Benedict stressed that commercial interests must never become so exclusive that they damage human dignity. He expressed the hope that the process of globalization which has so far affected finance, culture and politics should in the future also lead to a “globalization of solidarity” and respect for all parts of society. This would be necessary in order to make sure that economic growth is never cut off from the search for the comprehensive development of man and society. The Pope pointed out that the principle of subsidiarity is vital in guiding globalization:

“In this respect, the social doctrine of the Church stresses the importance of intermediate bodies in accordance with the principle of solidarity. It allows people to freely contribute to give meaning to cultural and social changes and direct them towards the authentic progress of man and the community.”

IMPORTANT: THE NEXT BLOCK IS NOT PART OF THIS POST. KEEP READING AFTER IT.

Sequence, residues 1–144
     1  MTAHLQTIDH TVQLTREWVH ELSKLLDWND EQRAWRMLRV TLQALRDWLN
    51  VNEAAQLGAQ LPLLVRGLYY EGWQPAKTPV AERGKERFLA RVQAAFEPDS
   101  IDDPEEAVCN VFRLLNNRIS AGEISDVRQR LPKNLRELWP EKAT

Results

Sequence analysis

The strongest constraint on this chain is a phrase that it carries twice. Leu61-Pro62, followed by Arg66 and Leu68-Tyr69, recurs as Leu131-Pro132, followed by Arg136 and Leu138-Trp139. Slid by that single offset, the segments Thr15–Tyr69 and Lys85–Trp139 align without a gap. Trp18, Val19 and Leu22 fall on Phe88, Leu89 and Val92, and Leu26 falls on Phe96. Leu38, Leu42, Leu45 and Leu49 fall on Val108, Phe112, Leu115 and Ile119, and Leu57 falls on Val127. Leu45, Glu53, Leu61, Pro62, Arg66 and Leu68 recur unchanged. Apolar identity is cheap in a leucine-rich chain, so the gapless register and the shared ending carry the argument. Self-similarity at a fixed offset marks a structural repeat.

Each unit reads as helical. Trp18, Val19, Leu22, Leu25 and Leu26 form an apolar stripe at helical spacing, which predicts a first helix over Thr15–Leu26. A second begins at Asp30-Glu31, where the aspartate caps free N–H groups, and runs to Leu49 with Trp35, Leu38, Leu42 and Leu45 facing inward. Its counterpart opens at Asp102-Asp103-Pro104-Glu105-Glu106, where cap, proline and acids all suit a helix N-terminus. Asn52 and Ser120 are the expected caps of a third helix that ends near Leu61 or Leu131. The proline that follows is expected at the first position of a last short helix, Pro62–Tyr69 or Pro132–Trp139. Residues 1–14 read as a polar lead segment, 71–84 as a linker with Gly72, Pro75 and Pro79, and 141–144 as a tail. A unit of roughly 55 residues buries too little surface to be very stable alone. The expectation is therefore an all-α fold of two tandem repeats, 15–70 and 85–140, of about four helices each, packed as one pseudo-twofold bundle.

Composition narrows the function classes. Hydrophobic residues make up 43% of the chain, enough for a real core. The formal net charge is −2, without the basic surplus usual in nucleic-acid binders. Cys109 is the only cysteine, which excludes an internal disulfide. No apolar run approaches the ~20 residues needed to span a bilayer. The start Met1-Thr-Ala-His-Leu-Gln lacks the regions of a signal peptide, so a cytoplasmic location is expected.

The conference was entitled “Social Capital and Human Development” and the foundation’s name recalls John Paul II’s 1991 social encyclical of the same name, which drew together 100 years of history of the Church’s social doctrine.

What Benedict has said on globalization is very much in line with what John Paul II said before him. This may not seem like much, but when one considers the technical nature of economics and finance today, it is a humane and necessary message that supports the positive aspects of market economics.

UPDATE: